Monday, 14 July 2014

BOOK CLUB REVIEW: The Dinner (Herman Koch)

On a summer’s evening in Holland, two middle class couples meet for dinner at a rather pretentious restaurant.

Over the course of the meal, a dark and troubling secret is revealed about their teenage children.

Billed as a ‘Marmite’ book – you’ll either love it or hate it – the story hinges on our perception of the unreliable narrator, Paul, as we begin to question his motives and morality.

In fact, the dinner went down universally well with book club. The lack of ‘likeable’ characters wasn’t off-putting and we agreed that it was a story that drew the reader in.

A short book, set in one place and time (with the use of flashbacks), it reads like a well-made play, set over three acts.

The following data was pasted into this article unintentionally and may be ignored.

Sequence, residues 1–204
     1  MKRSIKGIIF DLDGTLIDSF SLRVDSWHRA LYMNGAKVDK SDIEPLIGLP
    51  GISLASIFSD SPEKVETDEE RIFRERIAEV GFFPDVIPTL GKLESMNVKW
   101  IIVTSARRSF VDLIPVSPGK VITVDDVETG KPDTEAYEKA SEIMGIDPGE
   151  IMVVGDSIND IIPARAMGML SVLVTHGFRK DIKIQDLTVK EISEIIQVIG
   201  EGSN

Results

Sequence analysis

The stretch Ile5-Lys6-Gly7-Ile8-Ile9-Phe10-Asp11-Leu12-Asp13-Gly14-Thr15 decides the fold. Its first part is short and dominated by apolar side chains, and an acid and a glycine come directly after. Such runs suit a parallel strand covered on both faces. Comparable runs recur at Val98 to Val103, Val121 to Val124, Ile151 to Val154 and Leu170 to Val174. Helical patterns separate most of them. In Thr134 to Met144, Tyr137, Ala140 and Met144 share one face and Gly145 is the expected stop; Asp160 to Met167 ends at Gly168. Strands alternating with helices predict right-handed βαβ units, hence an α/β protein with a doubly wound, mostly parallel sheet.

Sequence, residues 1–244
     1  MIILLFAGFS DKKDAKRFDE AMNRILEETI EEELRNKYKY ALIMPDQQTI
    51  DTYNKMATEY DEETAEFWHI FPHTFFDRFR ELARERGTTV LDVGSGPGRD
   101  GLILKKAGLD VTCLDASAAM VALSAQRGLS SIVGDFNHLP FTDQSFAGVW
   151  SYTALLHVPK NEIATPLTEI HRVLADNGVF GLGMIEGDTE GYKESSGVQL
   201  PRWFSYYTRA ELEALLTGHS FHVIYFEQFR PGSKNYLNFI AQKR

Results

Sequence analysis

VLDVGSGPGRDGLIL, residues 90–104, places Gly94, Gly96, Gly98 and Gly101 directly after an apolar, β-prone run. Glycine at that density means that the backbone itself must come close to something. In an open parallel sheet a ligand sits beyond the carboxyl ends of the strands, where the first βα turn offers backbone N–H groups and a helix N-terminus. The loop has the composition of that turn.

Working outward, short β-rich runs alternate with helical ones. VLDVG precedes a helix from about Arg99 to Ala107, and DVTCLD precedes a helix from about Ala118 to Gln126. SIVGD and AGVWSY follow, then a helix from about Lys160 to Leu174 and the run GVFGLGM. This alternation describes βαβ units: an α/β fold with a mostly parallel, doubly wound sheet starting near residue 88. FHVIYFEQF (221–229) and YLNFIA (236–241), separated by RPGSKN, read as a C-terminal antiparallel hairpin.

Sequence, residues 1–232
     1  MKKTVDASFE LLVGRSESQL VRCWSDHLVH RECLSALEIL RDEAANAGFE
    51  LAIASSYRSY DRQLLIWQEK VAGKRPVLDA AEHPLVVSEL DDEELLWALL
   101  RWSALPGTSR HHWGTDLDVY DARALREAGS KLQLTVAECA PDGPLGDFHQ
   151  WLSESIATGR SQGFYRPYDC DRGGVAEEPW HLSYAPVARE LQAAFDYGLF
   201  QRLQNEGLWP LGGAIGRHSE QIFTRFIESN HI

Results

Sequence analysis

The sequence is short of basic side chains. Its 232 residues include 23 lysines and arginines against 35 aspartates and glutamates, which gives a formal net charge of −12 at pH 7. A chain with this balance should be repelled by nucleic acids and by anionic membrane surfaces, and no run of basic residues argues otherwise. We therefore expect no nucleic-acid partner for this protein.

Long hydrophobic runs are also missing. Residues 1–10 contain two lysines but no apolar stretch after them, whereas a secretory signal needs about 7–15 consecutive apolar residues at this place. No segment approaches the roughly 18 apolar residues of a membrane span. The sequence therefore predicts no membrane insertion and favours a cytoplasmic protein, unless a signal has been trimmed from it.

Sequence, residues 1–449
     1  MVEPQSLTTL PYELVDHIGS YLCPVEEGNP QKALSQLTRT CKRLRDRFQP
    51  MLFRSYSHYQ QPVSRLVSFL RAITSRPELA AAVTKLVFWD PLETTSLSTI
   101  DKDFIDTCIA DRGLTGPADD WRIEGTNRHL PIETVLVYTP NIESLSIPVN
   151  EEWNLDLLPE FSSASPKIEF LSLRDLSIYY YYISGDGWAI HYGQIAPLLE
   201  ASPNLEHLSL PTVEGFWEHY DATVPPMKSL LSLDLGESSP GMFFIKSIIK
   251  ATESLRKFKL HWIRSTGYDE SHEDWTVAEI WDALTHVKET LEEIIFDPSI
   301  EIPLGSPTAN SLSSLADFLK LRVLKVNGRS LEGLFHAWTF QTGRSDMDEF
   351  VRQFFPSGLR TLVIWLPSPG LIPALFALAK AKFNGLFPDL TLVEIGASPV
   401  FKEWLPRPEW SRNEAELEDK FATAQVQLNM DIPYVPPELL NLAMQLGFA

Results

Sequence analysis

Paul even likens something in the meal to a gun appearing on stage - If you see a gun in act one, you know someone will get shot in act three.

And the way it aims to ruffle the feathers of middle class morality gives it something of a theatrical quality too.

I can’t guarantee everyone will love it, and the ending may leave a bitter taste, but I think most readers would find The Dinner a satisfying offering.



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